CHICAGO--(BUSINESS WIRE)--Breast and ovarian cancer can be well visualized with a radiation-free, non-invasive imaging tool according to a clinical trial announced today. The finding, released by a Stanford University Medical School physician at the International Contrast Ultrasound Society (ICUS) 30th Annual Conference in Chicago, found that molecular ultrasound microscopic bubbles bind to a receptor found in breast and ovarian lesions.
"This first in women clinical trial holds great promise in patients with breast and ovarian lesions," said Dr. Juergen Willmann, Chief of Body Imaging and Professor of Radiology at the Stanford Medical School.
The clinical trial, performed in collaboration with collaborators at the UCSC in Rome and Bracco, focused on KDR (kinase insert domain receptor), a protein associated with certain diseases including cancer. 21 women with focal breast lesions and 24 women with ovarian lesions were injected with tiny gas microbubbles during an ultrasound exam. The study found that ultrasound allows visualization of KDR noninvasively with high sensitivity.
Dr. Willmann noted, "KDR expression on histology matched well with the presence of focal KDR-targeted ultrasound signal." Willmann added that this new molecular imaging technology, after further development and validation, could help diagnose cancer much better than regular current ultrasound technology in the future.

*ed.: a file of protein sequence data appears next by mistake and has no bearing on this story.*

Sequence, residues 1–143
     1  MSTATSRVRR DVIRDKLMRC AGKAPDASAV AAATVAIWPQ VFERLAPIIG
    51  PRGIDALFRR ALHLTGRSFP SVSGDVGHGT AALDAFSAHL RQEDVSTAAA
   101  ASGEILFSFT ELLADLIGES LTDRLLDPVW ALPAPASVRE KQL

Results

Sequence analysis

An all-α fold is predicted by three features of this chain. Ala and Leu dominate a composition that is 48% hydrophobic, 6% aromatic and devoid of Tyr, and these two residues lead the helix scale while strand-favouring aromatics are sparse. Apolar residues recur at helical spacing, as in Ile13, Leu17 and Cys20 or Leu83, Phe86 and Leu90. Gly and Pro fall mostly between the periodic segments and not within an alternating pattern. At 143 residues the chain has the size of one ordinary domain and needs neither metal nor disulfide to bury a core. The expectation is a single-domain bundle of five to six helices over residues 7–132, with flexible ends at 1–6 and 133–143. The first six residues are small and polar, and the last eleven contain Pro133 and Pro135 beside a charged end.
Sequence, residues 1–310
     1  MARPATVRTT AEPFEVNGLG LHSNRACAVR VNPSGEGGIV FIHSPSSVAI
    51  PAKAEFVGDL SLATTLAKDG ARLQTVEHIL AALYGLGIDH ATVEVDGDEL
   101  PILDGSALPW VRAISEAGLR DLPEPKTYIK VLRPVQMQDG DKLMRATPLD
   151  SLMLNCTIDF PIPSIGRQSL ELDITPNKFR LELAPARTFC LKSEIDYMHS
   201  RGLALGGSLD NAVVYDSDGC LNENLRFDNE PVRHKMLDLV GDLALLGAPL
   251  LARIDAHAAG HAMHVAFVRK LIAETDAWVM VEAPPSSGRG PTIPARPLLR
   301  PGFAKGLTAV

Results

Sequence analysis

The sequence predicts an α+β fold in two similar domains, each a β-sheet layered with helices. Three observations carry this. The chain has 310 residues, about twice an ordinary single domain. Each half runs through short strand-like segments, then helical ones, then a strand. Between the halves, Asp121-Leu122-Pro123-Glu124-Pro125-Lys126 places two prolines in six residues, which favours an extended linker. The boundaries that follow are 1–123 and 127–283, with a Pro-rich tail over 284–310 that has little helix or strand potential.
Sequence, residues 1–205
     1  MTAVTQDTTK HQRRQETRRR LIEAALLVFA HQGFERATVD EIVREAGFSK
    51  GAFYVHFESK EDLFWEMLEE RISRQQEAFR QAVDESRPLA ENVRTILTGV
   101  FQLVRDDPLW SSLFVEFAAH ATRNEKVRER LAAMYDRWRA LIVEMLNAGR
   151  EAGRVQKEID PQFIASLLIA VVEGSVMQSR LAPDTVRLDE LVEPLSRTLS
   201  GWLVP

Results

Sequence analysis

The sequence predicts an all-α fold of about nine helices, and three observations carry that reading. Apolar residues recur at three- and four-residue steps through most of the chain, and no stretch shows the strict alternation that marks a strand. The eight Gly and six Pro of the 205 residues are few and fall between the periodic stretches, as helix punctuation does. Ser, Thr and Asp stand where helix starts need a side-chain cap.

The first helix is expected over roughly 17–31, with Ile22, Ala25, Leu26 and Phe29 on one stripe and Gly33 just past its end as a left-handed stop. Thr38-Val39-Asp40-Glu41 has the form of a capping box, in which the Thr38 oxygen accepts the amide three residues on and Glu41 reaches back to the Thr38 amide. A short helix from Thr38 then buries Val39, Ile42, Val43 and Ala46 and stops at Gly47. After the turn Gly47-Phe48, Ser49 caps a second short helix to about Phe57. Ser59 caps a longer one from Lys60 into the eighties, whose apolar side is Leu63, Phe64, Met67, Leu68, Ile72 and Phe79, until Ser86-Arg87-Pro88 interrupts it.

ICUS is an international, multi-disciplinary, not-for-profit medical society that is exclusively dedicated to advancing the use of contrast enhanced ultrasound diagnostic imaging to improve patient care worldwide. Founded in September 2008, ICUS brings together physicians, scientists, and other ultrasound imaging professionals from over 55 countries. ICUS members represent diverse specialties such as cardiology, radiology, vascular imaging, gastro-intestinal imaging, oncology, OB-GYN, and hepatology. For more information about ICUS, please visit www.icus-society.org.